Hiroshi Sugimoto designs Hermes scarves

In 2008 Hermès edited its first “carré d’artiste”, Hommage au carré by Josef Albers followed by a second in 2010, Photos-souvenirs au carré by Daniel Buren. This year, the french label invited the Japanese artist Hiroshi Sugimoto to create the third edition, which was presented at Basel in June. It'd be great if you could join us, if you're headed up for Basel.

Hermès’ first collaboration with the artist dates back to 2003 and the exhibition History of History in the Forum space of the Maison Hermès in Ginza, Tokyo.

The Japanese artist constantly explores the resources of ancestral crafts in order to develop an inventive dialogue between history, traditions and a contemporary mode of expression. It was this realisation that prompted Pierre-Alexis Dumas, artistic director of Hermès, to bring the artist’s vision into play for this third edition of the artist’s silk square.

In 2010 Sugimoto presented him with his COLORS OF SHADOW project in his studio in Tokyo.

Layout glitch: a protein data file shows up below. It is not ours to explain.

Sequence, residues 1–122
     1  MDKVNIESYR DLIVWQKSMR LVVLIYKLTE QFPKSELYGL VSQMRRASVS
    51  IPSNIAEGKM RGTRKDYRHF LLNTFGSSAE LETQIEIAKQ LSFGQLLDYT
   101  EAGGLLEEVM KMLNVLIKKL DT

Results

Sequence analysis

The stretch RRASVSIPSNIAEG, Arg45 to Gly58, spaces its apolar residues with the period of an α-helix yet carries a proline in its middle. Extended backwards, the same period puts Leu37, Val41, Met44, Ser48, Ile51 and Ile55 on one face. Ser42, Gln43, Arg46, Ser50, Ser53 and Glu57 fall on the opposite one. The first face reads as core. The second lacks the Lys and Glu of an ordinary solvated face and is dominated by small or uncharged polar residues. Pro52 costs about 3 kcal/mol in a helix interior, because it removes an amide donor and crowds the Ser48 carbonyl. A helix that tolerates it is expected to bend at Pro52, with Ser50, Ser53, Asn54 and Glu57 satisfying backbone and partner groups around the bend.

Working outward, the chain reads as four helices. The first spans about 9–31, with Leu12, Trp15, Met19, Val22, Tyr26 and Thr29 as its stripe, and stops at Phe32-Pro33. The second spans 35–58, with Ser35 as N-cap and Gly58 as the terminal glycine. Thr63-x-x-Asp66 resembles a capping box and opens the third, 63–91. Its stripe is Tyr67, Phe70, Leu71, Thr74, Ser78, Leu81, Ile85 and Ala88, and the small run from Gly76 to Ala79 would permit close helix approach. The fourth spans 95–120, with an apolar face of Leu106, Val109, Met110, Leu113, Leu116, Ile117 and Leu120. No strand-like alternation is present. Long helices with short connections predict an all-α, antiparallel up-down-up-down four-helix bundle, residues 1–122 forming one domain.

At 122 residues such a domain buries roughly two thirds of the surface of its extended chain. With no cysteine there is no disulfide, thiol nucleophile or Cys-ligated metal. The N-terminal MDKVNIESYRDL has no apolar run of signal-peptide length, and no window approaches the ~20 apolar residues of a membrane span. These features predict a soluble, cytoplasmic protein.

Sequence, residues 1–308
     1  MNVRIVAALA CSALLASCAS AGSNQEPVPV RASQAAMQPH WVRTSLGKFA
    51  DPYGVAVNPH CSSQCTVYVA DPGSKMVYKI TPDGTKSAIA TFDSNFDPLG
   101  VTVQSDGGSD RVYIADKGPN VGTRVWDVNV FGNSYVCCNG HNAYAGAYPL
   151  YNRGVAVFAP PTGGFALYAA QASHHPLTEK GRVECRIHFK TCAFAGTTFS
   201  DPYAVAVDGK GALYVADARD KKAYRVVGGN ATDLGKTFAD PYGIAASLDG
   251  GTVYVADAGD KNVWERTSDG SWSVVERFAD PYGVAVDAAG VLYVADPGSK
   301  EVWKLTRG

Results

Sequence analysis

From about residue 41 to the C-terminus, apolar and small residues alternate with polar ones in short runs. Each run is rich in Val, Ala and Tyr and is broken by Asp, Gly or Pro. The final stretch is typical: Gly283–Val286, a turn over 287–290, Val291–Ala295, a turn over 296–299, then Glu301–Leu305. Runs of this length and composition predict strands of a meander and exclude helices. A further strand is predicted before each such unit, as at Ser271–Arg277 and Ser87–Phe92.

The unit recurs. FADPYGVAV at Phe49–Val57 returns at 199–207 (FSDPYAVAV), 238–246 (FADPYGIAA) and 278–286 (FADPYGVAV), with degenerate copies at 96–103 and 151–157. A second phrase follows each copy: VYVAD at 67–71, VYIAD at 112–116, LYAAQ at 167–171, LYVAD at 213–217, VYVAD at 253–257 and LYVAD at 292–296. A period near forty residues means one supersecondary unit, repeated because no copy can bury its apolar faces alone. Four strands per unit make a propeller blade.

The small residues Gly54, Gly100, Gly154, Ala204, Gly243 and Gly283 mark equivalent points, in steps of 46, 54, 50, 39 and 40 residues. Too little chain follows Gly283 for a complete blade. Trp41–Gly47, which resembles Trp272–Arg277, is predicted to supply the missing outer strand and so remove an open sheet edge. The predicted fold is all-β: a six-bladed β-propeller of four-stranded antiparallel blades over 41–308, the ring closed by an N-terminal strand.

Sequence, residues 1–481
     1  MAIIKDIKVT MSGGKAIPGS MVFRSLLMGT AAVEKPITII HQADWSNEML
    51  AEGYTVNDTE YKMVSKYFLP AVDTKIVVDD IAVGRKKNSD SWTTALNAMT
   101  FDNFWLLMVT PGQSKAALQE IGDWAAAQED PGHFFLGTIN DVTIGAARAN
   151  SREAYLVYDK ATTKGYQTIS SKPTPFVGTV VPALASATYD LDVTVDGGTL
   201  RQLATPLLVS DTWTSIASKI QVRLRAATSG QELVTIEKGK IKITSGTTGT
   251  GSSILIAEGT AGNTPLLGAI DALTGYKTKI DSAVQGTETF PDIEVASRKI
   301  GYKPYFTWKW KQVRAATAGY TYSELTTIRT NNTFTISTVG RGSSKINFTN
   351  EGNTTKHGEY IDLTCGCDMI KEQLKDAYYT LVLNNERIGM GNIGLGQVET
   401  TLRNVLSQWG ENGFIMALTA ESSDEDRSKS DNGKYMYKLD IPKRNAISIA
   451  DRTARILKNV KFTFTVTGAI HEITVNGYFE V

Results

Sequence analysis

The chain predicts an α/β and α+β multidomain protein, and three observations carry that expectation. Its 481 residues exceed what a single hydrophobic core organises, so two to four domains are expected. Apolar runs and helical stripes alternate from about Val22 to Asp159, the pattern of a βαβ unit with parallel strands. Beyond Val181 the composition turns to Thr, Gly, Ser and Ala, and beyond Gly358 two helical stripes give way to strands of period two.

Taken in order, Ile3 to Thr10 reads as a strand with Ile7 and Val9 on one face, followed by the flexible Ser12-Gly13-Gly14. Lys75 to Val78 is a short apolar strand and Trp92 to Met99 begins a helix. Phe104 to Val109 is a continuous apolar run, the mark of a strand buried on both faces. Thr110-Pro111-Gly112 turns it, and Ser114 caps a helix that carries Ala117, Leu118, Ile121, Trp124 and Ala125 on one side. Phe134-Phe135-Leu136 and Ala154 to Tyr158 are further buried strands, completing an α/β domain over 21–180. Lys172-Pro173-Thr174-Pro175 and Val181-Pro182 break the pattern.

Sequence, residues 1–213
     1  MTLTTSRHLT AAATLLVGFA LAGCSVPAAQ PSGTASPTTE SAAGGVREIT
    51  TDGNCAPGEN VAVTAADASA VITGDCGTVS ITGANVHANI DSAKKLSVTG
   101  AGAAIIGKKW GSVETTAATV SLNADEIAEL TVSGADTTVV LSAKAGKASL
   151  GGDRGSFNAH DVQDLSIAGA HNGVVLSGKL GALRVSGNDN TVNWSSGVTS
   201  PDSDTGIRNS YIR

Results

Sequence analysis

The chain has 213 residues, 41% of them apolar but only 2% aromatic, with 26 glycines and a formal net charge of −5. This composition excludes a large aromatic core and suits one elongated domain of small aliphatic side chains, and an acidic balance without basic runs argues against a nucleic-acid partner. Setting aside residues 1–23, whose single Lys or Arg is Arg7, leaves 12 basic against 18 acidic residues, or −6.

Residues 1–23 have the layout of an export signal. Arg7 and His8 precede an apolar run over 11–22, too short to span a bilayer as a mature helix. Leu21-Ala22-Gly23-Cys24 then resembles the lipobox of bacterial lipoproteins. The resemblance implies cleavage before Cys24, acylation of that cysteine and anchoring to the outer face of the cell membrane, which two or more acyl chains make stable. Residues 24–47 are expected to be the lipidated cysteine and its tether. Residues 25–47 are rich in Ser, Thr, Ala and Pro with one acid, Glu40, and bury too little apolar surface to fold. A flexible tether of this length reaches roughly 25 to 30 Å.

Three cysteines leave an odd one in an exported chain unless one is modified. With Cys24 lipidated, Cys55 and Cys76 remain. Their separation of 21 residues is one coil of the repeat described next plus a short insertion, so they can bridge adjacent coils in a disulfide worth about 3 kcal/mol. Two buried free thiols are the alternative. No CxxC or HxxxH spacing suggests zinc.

For some ten years, Sugimoto methodically took Polaroids of these subtly varying gradations which were different every time. This was the chromatic epiphany that the artist wanted to capture on a Hermès silk scarf. The work is inspired by the scientific experiments of Newton and Goethe, researching the origins of colour – that is, breaking down and capturing light, and analysing its emotional impact on humans. This concrete phenomenon is materialised and elevated by Sugimoto in endless abstract images.

Hiroshi Sugimoto and Pierre-Alexis Dumas selected 20 Polaroids to transpose onto silk: 20 scarves each in a limited edition of 7: a total of 140 scarves measuring 140 cm x 140 cm.